The binding characteristics of μ-opioid receptors (Kd=dissociation constant and Bmax=maximal binding capacity) were determined by means of displacement curves (five dose points per curve) performed on plasma membranes derived from each brain. [3H]DHM (0.22 nmol l− 1) was incubated in the presence of increasing concentrations of unlabelled DHM (0.1 nmol l− 1μmol l− 1) and 200μl of brain plasma membranes (approximately 150–200μg of protein). Incubations were carried out at 25°C for 30 min. Tubes were then rapidly filtered through Whatman GF/B filters; each filter was washed twice with 5 ml of ice-cold buffer and counted in a 7ml Instagel scintillation cocktail (Packard Instruments, Milan). In order to minimize the interassay variations, all displacement curves were performed in the same assay.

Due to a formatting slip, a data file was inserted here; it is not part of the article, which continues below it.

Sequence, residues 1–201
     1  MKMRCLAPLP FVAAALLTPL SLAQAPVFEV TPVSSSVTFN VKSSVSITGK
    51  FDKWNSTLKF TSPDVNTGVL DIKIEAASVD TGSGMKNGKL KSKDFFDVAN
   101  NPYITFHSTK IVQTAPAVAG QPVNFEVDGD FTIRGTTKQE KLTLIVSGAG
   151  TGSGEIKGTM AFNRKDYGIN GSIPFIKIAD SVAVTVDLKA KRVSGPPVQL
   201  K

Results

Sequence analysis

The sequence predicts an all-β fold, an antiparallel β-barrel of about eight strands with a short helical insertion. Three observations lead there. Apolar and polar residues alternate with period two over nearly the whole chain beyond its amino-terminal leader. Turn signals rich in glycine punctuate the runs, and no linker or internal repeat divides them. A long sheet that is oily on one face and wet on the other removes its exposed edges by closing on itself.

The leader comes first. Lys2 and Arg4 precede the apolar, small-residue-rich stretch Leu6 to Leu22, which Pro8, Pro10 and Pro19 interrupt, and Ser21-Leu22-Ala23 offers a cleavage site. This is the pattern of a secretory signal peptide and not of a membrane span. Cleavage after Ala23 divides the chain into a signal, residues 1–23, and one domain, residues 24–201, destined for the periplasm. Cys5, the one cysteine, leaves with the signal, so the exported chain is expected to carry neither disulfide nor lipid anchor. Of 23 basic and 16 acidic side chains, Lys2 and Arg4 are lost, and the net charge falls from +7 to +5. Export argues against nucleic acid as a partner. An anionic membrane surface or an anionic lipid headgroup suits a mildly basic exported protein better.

The data obtained from the displacement curves for each group of animals (Cor M-birds) were fitted together and analysed by means of the LIGAND computerized curve-fitting program of Munson and Rodbard (1980), supplied by the Biomedical Computing Technology Center (Nashville, Tennessee). This fitting of the data allows the determination of the Kd and Bmax values for each experimental group (C- or M-birds). Bmax values are expressed in terms of fmolmg− 1 protein. The values of the binding parameters (Kd and Bmax) obtained for the two groups of animals were also statistically compared (M- vs C-birds) by the program.
The reproducibility and accuracy of the binding assay are demonstrated by the percentage coefficients of variation of the binding parameters: Kd=12–20%, Bmax=7-15 %, non-specific binding=2–6 %.